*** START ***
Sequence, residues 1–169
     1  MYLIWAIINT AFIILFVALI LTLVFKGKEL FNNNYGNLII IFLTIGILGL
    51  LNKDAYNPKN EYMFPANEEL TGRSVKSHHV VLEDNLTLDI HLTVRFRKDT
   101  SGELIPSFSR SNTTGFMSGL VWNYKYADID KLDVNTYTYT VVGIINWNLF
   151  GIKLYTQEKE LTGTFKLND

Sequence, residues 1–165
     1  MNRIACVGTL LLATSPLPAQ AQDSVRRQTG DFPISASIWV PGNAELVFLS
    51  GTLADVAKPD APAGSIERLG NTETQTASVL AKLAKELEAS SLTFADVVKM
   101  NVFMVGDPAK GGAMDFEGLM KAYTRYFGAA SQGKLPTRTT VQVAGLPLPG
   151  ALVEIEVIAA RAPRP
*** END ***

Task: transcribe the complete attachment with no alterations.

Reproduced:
Sequence, residues 1–169
     1  MYLIWAIINT AFIILFVALI LTLVFKGKEL FNNNYGNLII IFLTIGILGL
    51  LNKDAYNPKN EYMFPANEEL TGRSVKSHHV VLEDNLTLDI HLTVRFRKDT
   101  SGELIPSFSR SNTTGFMSGL VWNYKYADID KLDVNTYTYT VVGIINWNLF
   151  GIKLYTQEKE LTGTFKLND

Sequence, residues 1–165
     1  MNRIACVGTL LLATSPLPAQ AQDSVRRQTG DFPISASIWV PGNAELVFLS
    51  GTLADVAKPD APAGSIERLG NTETQTASVL AKLAKELEAS SLTFADVVKM
   101  NVFMVGDPAK GGAMDFEGLM KAYTRYFGAA SQGKLPTRTT VQVAGLPLPG
   151  ALVEIEVIAA RAPRP